City/county Digest


July 07, 2006

Arundel OKs cable service contract with Verizon

Verizon Communications will be the third cable provider in Anne Arundel County now that the County Council and executive have approved a 15-year deal with the telecommunications company.

County Executive Janet S. Owens signed legislation yesterday approving a cable franchise agreement with Verizon to provide cable service to two-thirds of the county initially - and about three-quarters of Anne Arundel within seven years. The council unanimously passed the measure Wednesday night. The contract will go into effect in 45 days.

Verizon will join Comcast Corp. and Millennium Digital Media in providing cable to county residents. Anne Arundel is the second Maryland county, after Howard, to grant Verizon a cable franchise.

Under the deal, Verizon will provide free basic cable service to county schools, libraries, police and fire stations and other municipal buildings, and five channels will be reserved for public access. The county will receive 5 percent of all cable revenue from Verizon.

The company has been laying fiber optic cable in Anne Arundel for about a year, and it has been offering high-speed Internet access in the county since last fall. Verizon plans to offer "bundled services" that include phone, high-speed Internet and cable television. Comcast and Millennium are marketing similar combined services.

Though the contract was approved, the County Council still has to vote on issues related to the contract - how often the company will be audited and how much Verizon will pay for those audits, according to council Chairman Edward R. Reilly.

Anica Butler

Harford: Interstate 95

Children on mend after bus accident

The children hospitalized for injuries suffered in Wednesday's bus accident on Interstate 95 showed improvement yesterday, as one was released and two others were upgraded to fair condition, according to a Johns Hopkins Hospital spokeswoman.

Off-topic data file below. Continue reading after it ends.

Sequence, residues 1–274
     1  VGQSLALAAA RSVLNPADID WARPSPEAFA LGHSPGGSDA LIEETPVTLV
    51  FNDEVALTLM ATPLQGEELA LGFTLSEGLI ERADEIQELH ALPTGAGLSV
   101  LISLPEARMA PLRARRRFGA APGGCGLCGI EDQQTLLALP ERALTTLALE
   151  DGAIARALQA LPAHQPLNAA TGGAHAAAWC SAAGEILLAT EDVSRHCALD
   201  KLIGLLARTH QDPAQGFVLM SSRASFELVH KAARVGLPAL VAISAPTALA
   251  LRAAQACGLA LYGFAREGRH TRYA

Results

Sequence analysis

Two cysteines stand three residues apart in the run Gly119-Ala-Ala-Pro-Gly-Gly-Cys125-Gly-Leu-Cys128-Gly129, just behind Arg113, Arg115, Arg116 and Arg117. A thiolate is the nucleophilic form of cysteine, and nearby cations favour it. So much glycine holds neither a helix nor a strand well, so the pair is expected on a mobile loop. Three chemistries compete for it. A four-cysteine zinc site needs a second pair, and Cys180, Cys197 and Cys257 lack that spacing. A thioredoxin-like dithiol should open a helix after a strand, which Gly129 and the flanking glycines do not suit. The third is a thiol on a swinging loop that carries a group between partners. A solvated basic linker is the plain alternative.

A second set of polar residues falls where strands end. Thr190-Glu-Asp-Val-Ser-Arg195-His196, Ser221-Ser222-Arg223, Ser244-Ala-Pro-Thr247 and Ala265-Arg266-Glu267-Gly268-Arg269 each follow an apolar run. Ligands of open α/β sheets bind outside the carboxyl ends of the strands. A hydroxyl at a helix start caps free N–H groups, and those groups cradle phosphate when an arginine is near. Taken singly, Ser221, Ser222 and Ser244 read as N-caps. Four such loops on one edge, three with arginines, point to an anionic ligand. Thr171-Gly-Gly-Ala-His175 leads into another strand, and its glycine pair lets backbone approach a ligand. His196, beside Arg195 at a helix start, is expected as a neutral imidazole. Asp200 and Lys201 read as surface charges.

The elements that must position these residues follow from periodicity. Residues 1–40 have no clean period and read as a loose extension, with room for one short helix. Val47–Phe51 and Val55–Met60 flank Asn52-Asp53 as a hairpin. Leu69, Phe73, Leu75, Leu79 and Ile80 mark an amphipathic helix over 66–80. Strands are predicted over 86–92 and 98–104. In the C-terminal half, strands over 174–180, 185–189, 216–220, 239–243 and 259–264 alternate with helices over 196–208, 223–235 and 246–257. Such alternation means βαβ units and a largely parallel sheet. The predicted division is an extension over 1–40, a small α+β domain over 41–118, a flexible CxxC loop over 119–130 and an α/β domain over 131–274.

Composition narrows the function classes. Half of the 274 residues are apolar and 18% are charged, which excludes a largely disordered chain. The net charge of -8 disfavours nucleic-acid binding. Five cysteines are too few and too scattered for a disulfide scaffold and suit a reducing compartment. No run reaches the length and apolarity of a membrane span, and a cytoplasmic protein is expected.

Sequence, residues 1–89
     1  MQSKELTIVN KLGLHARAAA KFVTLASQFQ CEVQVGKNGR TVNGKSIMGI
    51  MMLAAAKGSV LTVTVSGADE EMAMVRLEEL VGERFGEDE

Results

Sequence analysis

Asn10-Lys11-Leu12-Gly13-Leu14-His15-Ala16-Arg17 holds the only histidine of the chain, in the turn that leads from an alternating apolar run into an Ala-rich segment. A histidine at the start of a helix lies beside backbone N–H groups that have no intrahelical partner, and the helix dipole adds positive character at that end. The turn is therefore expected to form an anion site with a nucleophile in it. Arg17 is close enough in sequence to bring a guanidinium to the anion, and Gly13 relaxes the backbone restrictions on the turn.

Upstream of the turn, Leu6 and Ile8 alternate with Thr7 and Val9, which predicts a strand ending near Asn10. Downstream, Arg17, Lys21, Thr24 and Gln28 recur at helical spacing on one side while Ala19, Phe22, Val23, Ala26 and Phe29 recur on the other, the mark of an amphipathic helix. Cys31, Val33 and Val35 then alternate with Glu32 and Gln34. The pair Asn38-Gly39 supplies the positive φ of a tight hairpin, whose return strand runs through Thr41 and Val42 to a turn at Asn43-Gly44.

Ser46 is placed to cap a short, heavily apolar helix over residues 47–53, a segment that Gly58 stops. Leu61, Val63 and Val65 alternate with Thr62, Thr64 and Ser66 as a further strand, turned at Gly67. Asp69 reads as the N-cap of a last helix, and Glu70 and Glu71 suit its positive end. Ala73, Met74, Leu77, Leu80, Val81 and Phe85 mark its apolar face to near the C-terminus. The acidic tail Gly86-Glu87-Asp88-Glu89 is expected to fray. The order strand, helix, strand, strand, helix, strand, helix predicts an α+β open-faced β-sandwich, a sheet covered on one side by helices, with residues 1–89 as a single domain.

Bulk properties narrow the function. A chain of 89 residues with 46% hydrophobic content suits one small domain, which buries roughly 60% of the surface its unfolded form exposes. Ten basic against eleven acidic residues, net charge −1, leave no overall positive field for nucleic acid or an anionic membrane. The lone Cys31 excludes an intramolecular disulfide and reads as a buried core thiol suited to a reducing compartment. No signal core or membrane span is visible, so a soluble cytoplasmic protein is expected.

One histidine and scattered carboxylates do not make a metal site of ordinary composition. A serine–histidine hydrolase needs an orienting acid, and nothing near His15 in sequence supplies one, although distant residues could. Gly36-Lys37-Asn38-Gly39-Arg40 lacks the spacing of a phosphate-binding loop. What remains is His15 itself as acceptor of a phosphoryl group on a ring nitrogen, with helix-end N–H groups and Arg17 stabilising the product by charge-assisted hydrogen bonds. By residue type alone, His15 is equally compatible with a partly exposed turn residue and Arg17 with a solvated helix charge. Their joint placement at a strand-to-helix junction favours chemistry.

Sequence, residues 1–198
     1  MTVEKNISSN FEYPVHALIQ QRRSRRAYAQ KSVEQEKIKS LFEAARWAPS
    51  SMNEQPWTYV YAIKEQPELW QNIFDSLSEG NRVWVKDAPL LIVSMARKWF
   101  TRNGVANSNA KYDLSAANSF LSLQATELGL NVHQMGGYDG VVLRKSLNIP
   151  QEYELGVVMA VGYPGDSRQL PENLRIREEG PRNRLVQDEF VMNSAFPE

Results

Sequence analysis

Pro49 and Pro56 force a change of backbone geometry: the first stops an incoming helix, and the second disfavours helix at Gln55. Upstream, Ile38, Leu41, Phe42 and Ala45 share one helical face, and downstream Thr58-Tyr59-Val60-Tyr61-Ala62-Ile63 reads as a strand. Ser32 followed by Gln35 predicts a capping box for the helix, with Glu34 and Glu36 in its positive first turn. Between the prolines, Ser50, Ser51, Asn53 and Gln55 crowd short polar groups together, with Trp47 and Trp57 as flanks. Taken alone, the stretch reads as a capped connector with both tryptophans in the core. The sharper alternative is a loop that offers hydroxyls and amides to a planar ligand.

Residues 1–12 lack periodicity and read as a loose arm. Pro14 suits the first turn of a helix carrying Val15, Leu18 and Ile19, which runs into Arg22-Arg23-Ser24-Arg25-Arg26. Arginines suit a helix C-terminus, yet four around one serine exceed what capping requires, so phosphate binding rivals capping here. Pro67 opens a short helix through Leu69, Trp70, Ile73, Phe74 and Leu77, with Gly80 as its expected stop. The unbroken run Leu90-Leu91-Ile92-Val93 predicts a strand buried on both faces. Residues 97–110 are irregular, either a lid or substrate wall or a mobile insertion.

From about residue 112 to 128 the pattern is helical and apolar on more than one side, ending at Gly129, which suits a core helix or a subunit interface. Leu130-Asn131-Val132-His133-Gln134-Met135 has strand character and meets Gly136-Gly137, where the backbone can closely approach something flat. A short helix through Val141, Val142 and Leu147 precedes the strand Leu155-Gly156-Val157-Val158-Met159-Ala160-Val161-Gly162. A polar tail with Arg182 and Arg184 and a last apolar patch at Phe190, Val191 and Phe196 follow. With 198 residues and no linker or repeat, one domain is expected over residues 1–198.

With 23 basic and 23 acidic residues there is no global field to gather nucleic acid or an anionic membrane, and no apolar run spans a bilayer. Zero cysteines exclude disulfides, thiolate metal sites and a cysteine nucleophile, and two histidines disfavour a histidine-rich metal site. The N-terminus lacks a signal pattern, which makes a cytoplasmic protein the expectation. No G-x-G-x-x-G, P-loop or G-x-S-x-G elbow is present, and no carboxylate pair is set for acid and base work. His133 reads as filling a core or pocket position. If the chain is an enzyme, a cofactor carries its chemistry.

The fourth child was listed in good condition, the hospital said.

They were among about 60 children on a bus that flipped on the interstate near Aberdeen on the way back to Philadelphia from a trip to the National Aquarium in Baltimore. The accident occurred when the bus and a truck tractor sideswiped each other in the northbound lanes about 5 p.m. The bus, one of six transporting children on the trip, swerved into the median and back across the road before turning over and coming to rest on its side.

A Maryland State Police spokesman said yesterday that the investigation into the accident was continuing and that no charges had been filed.

The accident shut down I-95 in both directions, with southbound lanes reopening about 7:40 p.m. and northbound lanes about 10 p.m.

The children were from the Norris Square Civic Association Beacon Program at the Hunter School.

Nick Shields

Baltimore: Schools

Aides to be provided for student workers

Baltimore school system officials said yesterday that they will provide all the staffing needed to supervise 13 developmentally disabled high school students at their summer jobs.

The system will pay about $15,000 for a teacher and three assistants to supervise the students, most of whom have mental retardation or brain damage. Twelve of them attend the special-education Claremont School in East Baltimore.

Claremont teacher Nancy Malone arranged for the students to earn minimum wage this summer working as janitors, classroom assistants and linen-service employees at a day care center and Johns Hopkins Hospital. But their jobs were jeopardized when the school system did not provide money for Malone and aides to supervise the students at their jobs.

For the past two weeks, Malone, an aide and parents have volunteered their time to supervise while they scrambled to find the money they need to get through the summer. Malone said yesterday that the school system has agreed to give her and the aide two weeks of back pay.

Sara Neufeld

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